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Harald Hardrada: The Last Viking by Michael…

Harald Hardrada: The Last Viking (edition 2011)

by Michael Burr

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185561,019 (3.71)None
Title:Harald Hardrada: The Last Viking
Authors:Michael Burr
Info:Knox Robinson Publishing Ltd (2011), Hardcover
Collections:Your library

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Harald Hardrada: The Last Viking by Michael Burr



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While the book was slow to start, I found it interesting and enjoyed reading about a time not usually discussed in books outside of textbooks. After I got through the prologue, which was slow and clunky, I found that the book flew and found myself lost in the story and characters. I noticed a few minor editing errors, which annoyed me, but, other than that, I really enjoyed this book! ( )
  eheinlen | Jan 18, 2012 |
Between Linguistics and early British Literature this past semester, I got a crash course in the beginnings of the English language. I watched YouTube movies, listened to lectures, experienced Old English (and read some of it out loud!), and got to read (for the first time) Beowulf and discuss it. So some of what I was reading and expecting to read in Harald Hadrada did not come as a surprise.

What did come as a surprise was just how violently I reacted to the initial part of the story. It was just so.. graphic and horrifying. I know that’s how things were, how the “Spoils of war” were treated, but reading it put down there on the page just really made it hit home to me.

So, needless to say, I was on the side of the “Scraeling” throughout the entire story.

Harald Hardrada is based on the true story of Harald, the “last” Viking. It chronicles his life through the eyes of his young squire, the “Scraeling”, a boy picked up after a raid on a convent that leaves the nuns raped and murdered. The boy is crippled, due to a break in his hip and it being set wrong, but has incredibly high intelligence and does much for Harald’s campaigns and his victories. But it’s all for a purpose.

This book was dense with history, facts and battles. It read like watching a chess game between two matches is like. I really had to keep my mind focused on each detail in order to fully grasp what was happening and see the effects of those actions coming. I found it to be intellectually stimulating, engaging, and it has since been the topic of not a few conversations with friends. ( )
  TheLostEntwife | Dec 29, 2011 |
I found the historical aspect of this book quite fascinating, as I know little of the Viking period. I'd heard of their reputations of ruthlessness and skilled warriors, and this certainly did not lack any of those episodes. The story is told through the eyes of The Scraeling. His voice is the first we hear, and his declaration in the prologue that really hooked me into the story. The reader is quickly inserted into the account of how The Scraeling came to be serving Harald Hardrada, in the account of the viking's violent pillaging of the convent where he lived. The episode is described in detail, and for any who find it hard reading violent episodes, including rape, will likely have difficulties getting past the story of how The Scraeling came to be a trusted secretary. However, this was one of the most, if not the most violent episode depicted in the novel, so if you can get through it, you are in for an interesting read. Harald traveled greatly, working as a mercenary for his kin in Kiev and for Empress Zoe of Constantinople. The reader also gets treated to excerpts of the Heimskringla, the famous Norse saga, during the section breaks.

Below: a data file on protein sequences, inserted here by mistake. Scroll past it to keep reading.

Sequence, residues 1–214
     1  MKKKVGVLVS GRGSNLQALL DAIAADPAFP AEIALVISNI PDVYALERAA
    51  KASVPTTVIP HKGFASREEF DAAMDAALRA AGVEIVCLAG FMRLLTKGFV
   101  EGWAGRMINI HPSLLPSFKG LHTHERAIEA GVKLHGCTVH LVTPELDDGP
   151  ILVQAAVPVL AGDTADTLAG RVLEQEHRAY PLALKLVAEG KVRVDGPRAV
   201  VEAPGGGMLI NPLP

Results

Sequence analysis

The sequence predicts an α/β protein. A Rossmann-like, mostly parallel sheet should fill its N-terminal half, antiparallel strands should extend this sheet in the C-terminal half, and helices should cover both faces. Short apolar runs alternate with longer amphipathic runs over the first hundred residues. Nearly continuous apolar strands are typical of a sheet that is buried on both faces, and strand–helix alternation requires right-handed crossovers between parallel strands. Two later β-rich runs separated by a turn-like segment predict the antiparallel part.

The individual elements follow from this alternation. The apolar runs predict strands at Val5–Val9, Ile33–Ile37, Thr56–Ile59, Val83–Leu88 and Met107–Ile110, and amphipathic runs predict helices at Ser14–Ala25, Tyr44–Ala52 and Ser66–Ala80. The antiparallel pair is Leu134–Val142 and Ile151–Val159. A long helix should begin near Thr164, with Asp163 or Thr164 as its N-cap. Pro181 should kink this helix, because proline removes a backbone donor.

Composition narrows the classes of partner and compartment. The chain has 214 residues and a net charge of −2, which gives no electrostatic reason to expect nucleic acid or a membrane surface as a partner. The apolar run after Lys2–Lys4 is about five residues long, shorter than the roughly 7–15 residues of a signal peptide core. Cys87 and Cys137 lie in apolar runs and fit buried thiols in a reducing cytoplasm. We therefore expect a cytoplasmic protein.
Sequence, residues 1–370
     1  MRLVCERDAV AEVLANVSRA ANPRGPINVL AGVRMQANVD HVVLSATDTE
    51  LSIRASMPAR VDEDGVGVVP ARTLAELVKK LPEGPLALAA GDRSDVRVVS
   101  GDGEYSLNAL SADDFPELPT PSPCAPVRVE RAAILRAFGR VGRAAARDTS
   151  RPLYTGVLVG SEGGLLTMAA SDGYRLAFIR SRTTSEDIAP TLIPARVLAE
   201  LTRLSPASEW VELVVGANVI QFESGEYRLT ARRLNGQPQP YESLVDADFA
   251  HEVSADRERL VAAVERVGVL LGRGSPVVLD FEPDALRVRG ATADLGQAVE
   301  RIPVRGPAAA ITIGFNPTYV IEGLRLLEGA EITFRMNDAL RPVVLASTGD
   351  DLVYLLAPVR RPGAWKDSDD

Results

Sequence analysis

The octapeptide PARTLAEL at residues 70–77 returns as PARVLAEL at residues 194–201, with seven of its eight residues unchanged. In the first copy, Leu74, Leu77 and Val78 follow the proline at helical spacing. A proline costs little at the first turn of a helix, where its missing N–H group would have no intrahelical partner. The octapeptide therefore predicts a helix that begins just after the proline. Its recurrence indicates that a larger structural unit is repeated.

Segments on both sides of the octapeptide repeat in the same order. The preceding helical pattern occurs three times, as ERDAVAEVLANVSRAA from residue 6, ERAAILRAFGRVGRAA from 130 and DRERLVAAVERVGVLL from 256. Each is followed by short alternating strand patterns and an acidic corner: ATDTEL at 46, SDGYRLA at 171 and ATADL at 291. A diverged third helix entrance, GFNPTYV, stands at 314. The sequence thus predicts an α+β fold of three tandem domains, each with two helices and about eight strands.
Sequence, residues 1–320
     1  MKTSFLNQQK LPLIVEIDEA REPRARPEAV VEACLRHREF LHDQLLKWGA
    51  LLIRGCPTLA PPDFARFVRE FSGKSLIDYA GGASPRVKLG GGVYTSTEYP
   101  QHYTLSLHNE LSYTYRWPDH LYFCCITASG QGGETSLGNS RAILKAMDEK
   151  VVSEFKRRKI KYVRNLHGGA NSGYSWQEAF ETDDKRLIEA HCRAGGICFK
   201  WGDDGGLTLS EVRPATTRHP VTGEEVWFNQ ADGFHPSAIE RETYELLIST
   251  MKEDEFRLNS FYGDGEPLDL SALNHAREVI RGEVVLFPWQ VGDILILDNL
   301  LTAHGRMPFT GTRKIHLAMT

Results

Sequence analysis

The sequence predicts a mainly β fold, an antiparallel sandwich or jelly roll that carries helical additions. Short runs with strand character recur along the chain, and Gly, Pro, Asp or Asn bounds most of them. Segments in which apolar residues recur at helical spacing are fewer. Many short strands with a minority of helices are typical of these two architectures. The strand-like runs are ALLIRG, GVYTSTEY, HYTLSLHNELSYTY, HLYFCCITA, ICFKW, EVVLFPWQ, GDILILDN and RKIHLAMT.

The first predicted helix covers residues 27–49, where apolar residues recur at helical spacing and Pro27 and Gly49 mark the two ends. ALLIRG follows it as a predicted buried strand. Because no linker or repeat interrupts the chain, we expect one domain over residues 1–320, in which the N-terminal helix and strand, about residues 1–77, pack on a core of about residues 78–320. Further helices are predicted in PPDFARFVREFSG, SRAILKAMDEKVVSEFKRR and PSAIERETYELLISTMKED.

My biggest criticism was the use of some modern sounding slang terms. These are terms in use today, and having them in a story in the time before William the Bastard claimed the English throne to become William the Conqueror made what seemed like a jarring contrast to the more period sounding voice of the rest of the novel. More authentic sounding terms would have maintained the mood better throughout the book. However, I found most of slang seemed to centered around the attack on the convent at the start, and later in Harald's relations with Empress Zoe. Once I realized that most of that sort of language was past, I was left to enjoy Scraeling's schemeings. The story gets told between the first person, where Scraeling is validating or commenting on the events well after they happened, then in the third person depicting the events as it happened. I found this to be effective, and gave the feeling of reading the memoirs of Scraeling.

I found it to be an interesting read, and if not for the language issue, I would have given it a full four stars. I received a copy from the publisher for honest review. ( )
  sawcat | Dec 26, 2011 |
Thank you to Knox Publishing for allowing me to read Harald Hardrada in exchange for an honest review.

Somewhere along the way in my history education, I managed to miss learning about Harald Hardrada, or it's possible I've totally forgotten about him. This novel served to teach me everything I ever want to know about the man, the legend, the Viking.